Understanding Your Peritoneal Dialysis Catheter
Disclaimer: This article is for informational purposes only and is not intended to be a substitute for medical advice or diagnosis from a physician.
Understanding Your Peritoneal Dialysis (PD) Catheter
In order to perform peritoneal dialysis (PD), a PD catheter will need to be placed into your abdomen, chest or sternum area. Your surgeon will work with you to identify appropriate placement.
A PD catheter is a flexible, plastic tube (about the length of a ruler and the width of a pencil) that allows dialysis fluid (called dialysate) to enter the abdominal cavity, pull toxins through the small blood vessels that are in the lining of the abdomen and organs, and then drain the used dialysate back out again. The internal portion of the PD catheter starts at the exit site and ends internally resting in the pelvic region. This helps to ensure all of the fluid that is placed into the abdominal cavity is emptied when drained. This tiny hole, where the catheter comes out of the body, is called the exit site.
PD catheter surgery is considered a minor operation for most patients and complications are often rare. Catheter placement can be done under general anesthesia and usually takes less than one hour. Most people are able to go home the same day. Surgery is typically performed by a surgeon at a hospital, but there are some kidney doctors (nephrologists) and radiologists who are also trained to place PD catheters.
In general, it is recommended to have the catheter placed at least two weeks before beginning PD. There is also a buried PD catheter option that can be considered by your nephrologist and surgeon which allows early placement of a PD catheter prior to use. In some cases, PD may start a few days after surgery. It’s important that you meet with your PD nurse to plan your surgery and follow-up appointment.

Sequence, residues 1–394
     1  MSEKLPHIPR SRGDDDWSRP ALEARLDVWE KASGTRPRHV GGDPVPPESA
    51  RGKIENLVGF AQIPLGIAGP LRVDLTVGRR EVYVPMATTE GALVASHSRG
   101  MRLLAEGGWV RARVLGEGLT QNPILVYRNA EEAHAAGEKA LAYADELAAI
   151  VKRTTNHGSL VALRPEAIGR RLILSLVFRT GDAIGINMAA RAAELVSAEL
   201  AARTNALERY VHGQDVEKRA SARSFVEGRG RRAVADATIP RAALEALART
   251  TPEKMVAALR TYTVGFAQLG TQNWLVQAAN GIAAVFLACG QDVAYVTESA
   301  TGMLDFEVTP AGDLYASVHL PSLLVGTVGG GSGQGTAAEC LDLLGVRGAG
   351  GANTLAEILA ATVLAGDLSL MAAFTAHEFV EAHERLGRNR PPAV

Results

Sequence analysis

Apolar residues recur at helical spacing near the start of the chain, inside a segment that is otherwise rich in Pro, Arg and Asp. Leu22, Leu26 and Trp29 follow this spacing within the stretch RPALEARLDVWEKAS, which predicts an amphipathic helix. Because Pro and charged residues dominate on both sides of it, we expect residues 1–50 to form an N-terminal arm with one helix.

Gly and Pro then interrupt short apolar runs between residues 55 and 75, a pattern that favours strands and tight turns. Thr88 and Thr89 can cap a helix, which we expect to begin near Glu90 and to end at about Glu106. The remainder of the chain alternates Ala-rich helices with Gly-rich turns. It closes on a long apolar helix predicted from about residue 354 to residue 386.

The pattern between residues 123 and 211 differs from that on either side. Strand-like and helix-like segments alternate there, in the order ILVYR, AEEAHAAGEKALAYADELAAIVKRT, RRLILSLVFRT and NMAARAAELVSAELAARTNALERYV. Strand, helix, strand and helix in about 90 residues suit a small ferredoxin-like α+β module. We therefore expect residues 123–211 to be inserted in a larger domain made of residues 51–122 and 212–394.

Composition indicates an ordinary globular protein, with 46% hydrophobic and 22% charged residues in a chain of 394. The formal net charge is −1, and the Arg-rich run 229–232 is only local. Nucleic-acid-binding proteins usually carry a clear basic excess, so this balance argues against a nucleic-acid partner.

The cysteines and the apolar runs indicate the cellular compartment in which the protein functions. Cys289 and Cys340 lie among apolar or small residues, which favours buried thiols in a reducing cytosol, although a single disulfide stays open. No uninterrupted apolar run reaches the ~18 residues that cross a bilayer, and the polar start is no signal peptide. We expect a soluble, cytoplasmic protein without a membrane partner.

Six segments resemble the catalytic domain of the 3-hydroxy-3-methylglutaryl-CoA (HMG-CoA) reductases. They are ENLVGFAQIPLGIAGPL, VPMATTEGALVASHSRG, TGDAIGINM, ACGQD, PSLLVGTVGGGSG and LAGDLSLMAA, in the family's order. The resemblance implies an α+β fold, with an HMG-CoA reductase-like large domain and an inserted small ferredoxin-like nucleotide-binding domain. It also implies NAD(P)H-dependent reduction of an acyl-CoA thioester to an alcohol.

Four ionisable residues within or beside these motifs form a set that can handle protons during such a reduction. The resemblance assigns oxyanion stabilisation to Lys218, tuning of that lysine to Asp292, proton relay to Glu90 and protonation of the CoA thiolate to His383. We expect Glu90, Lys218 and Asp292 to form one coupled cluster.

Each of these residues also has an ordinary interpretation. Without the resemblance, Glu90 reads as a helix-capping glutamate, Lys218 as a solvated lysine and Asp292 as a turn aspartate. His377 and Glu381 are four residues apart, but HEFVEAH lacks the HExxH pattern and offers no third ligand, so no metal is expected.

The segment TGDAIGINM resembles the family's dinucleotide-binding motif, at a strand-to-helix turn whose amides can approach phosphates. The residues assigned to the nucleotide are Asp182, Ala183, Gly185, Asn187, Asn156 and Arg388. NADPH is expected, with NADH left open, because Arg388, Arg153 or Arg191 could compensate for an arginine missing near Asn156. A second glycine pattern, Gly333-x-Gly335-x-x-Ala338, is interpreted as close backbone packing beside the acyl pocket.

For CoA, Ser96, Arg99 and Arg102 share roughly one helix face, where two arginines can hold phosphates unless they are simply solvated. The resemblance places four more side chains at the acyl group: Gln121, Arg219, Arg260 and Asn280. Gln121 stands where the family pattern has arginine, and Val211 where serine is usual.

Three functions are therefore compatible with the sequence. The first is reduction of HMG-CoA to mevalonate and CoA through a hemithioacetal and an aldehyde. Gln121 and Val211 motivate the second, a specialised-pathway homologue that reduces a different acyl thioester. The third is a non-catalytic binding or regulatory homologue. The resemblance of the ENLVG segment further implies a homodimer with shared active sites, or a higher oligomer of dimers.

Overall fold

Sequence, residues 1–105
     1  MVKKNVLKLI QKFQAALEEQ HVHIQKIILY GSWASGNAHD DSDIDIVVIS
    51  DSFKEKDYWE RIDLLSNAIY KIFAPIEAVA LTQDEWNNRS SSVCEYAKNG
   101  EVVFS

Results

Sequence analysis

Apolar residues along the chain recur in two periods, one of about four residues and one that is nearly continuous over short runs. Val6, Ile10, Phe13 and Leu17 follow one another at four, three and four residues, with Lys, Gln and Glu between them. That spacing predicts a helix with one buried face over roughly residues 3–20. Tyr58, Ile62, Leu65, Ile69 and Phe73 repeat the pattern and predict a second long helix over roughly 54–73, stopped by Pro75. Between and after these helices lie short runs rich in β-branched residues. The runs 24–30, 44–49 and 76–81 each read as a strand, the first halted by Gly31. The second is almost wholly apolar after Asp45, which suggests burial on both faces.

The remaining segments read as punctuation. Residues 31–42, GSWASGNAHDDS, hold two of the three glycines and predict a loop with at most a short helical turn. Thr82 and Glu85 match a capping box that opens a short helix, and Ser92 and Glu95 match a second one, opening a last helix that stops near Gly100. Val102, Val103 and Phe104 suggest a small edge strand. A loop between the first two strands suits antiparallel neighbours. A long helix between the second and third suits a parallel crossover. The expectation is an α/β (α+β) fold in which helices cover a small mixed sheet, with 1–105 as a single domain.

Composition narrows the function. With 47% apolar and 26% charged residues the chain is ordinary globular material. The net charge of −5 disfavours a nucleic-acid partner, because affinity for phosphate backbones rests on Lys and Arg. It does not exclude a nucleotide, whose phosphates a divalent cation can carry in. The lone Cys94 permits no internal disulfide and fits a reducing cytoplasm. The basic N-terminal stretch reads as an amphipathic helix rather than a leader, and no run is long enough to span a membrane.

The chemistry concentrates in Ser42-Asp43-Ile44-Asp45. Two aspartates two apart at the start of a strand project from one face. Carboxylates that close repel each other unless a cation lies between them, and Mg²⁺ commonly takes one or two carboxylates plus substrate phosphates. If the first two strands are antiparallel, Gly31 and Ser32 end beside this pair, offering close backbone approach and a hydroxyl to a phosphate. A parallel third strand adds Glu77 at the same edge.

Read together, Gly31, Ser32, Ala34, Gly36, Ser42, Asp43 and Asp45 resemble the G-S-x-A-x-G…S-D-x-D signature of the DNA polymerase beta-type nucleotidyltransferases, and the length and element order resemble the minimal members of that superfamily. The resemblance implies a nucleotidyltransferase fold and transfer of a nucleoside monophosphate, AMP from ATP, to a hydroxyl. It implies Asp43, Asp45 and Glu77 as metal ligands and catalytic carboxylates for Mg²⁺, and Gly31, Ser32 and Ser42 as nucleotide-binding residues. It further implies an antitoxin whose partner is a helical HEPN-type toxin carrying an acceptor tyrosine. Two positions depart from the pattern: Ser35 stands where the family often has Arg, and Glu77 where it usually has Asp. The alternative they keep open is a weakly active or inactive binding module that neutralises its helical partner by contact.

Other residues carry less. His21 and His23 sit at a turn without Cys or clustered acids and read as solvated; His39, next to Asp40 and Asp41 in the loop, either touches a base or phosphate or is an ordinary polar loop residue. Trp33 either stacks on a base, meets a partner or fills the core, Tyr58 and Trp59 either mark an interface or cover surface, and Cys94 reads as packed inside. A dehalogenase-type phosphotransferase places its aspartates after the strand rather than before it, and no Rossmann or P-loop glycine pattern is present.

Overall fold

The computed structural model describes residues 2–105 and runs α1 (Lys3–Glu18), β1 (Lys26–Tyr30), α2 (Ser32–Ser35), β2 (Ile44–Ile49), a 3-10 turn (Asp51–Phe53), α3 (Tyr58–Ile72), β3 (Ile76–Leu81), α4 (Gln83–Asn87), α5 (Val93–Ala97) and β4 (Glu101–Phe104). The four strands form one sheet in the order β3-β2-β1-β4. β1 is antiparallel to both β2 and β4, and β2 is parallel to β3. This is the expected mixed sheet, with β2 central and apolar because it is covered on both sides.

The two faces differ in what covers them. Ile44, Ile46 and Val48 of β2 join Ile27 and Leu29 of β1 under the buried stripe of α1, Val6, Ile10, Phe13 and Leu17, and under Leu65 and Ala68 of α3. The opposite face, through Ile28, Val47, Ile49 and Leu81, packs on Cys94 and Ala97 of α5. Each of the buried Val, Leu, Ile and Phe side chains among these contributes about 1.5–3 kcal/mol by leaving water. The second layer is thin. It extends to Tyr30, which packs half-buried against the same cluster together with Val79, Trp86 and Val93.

What to expect after your PD catheter is placed
After the catheter is placed, the primary goals are to keep the exit site clean and prevent the catheter from pulling on the exit site.
- You'll go home with the PD catheter taped to the outside of your abdomen and covered with a sterile pad or dressing. The dressing is left alone and should only be changed or removed by a trained PD nurse. It's important that the dressing is kept dry, which means no showers or baths for seven to ten days.
- During this seven- to ten-day period after surgery, there may be mild discomfort. Avoid heavy lifting and exercises such as sit-ups during this time. Most people can usually resume other activities after three to four days.
- You will return to the dialysis center seven to ten days after surgery to see the PD nurse, who will change the dressing, clean the exit site and assess the PD catheter function. Your nurse and health care team will also start your initial PD training so you can learn how to perform PD at home.
Caring for your PD catheter
Precautions should to be taken against infection because the catheter and the skin surrounding the catheter are potential passageways through which germs can enter the body. Learn more about how to care for your PD catheter here.
A PD catheter, when placed properly and taken care of, shouldn't interfere with most everyday activities and can often be used without problems for many years. Speak with your doctor and care team about any catheter placement surgery questions and to see if PD is right for you.
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Are you interested in finding a PD program near you? Call DaVita Guest Services at 1-800-244-0582 or find a center with a home dialysis program nearest you.
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